My colleagues will tell you that almost without exception Congressional committee hearings are held between the hours of 9 a.m. and 5 p.m. and are usually no more than 2 or 3 hours. But, in response to the requests of Native Hawaiians who are working people, the committees rescheduled these hearings so that those wishing to participate would not have to forego 1 day's wages to do so. It can be seen from the schedule which has been published in the papers and announced in the meetings that these hearings go far beyond the average 2 or 3 hour length.
Today's hearing covers an 11-hour period. Hearings on the neighbor islands will be about 10 hours in length with no break. It is not going to be easy, but we will go straight through without a break.
As I indicated, we rescheduled these hearings so that homestead testimony could be presented during non-working hours. But then we received complaints that the hearings would be going on too late into the evening and that the kupunas would not be able to attend. So again the committees adjusted the hearing schedule so that the hearings would end at 8 p.m. so that the kupunas, the most important of persons among us, could attend and participate in the hearings.
Originally, given the other demands on the time of Members of Congress, hearings were scheduled to be held on Oahu, Kauai, Molokai, and Hawaii; but the homestead associations on the Island of Maui complained, and so now we are holding an additional ten hours of hearings on the Island of Maui.
Finally, as many of you know, the committees' hearings were originally scheduled to be held in July, but we were informed by the Governor's office that the Governor's annual statewide planning meeting was scheduled for the same time, and that if the Department of Hawaiian Homes Lands participated in the hearings, it would be excluded from the statewide planning process. This seemed to be too high a price to pay for hearings that are intended to help to get more Native Hawaiians on the land, and we did not want to further jeopardize the status of the people on the waiting list or to further delay those who were waiting for the development of infrastructure so that they can get on the land. And so the committees adjusted the schedule once again.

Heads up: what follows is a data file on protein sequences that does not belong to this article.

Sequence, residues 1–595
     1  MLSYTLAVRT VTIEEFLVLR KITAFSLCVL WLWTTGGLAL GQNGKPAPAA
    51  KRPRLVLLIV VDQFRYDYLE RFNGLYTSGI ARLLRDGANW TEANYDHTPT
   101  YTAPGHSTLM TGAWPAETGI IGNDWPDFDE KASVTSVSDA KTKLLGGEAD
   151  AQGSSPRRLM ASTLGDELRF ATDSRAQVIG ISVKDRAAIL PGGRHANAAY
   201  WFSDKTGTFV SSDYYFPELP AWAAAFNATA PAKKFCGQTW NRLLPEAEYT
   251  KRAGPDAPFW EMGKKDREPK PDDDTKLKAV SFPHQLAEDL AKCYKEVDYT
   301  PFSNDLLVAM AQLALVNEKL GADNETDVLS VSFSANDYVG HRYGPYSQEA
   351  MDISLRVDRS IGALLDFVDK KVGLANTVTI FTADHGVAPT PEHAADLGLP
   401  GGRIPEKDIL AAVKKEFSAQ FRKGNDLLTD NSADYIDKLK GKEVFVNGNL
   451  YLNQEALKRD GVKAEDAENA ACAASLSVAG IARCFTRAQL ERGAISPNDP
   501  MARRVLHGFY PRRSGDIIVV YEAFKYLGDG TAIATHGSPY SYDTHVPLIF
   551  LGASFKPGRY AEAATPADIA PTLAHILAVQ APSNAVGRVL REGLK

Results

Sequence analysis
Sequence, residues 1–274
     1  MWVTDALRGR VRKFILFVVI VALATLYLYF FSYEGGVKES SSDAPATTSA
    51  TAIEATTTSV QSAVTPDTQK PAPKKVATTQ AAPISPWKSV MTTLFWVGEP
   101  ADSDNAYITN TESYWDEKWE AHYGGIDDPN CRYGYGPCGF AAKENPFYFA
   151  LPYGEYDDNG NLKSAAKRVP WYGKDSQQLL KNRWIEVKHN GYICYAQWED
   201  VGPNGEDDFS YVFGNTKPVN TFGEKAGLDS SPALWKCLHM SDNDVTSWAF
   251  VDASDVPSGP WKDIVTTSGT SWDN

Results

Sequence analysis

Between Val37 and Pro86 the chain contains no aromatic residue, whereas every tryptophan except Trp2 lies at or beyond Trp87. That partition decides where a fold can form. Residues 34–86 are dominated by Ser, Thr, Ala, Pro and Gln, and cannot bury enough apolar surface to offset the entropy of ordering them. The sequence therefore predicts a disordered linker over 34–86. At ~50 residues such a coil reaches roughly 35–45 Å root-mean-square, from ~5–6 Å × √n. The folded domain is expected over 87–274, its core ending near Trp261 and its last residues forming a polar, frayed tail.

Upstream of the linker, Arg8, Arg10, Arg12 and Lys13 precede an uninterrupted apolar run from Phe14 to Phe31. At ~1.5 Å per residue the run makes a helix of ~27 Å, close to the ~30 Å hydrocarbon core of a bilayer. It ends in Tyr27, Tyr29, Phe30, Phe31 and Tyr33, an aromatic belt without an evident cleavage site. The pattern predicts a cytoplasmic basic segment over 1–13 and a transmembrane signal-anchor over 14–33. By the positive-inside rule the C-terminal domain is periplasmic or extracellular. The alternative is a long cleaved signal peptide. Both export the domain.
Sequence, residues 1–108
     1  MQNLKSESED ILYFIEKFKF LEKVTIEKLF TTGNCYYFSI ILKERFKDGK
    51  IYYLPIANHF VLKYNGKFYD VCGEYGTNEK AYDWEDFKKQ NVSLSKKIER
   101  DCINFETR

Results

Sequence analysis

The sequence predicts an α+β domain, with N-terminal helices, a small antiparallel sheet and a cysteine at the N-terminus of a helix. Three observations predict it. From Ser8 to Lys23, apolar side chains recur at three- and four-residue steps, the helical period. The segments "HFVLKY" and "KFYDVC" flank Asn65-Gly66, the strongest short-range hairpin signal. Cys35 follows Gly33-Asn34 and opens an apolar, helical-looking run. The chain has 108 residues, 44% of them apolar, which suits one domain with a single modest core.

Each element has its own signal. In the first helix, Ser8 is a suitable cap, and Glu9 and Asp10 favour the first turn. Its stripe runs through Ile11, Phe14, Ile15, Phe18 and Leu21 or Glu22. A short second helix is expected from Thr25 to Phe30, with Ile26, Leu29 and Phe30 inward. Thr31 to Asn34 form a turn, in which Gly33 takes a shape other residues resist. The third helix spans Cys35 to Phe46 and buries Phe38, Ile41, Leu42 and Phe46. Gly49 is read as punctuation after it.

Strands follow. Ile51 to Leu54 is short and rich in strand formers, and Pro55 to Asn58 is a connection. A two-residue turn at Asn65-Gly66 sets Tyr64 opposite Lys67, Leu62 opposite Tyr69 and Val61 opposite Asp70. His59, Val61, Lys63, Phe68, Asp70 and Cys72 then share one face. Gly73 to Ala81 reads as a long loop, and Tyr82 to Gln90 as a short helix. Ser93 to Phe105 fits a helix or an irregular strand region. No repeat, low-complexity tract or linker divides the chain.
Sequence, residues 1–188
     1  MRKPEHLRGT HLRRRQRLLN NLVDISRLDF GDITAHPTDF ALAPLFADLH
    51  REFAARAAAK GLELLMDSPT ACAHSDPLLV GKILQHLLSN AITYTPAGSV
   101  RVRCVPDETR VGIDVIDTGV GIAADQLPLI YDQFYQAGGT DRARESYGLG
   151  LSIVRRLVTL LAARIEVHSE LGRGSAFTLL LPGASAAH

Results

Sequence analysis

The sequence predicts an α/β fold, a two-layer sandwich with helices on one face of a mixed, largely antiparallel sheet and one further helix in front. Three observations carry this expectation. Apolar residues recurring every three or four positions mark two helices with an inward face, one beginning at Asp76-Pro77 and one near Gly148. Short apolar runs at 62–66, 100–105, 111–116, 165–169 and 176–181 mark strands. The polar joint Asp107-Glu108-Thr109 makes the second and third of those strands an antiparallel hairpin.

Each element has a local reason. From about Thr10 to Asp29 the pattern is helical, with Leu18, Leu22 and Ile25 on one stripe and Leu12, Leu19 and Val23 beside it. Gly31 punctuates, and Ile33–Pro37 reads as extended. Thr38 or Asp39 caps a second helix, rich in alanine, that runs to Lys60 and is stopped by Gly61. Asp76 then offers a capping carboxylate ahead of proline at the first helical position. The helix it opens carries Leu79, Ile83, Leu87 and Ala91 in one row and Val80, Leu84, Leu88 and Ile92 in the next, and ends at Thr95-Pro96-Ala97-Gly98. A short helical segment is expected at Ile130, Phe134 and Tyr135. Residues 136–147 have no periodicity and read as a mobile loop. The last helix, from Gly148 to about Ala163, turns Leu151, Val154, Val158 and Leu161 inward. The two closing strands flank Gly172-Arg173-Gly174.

My dear friends, I mention all of this because there are some in the Hawaiian community who seem to want to focus much of their energy not on the constructive and positive things that can be achieved through these hearings and not on the opportunity to make their concerns known to the Congress, but rather would spend their time being critical and focusing upon changes in the hearing schedule as if those changes were the most important issue and as if such changes were evidence of some bad motives or hidden agenda.
My friends, there is no hidden agenda here. These hearings are for the Native Hawaiian people and the schedule of the hearings has been changed several times to accommodate what the Native Hawaiian people have said were their concerns. Thus, I hope we can begin today and that we can go forward with our eyes fixed on what can be accomplished.
The record of these hearings will provide the basis for Congressional action to address the concerns that are expressed. Such action is warranted and recommended.
The record will also serve as a means of educating Federal agencies as to what they can do to support the development of the home lands.
And the record will serve to educate the American public, many of whom I believe have not the slightest notion of the history of the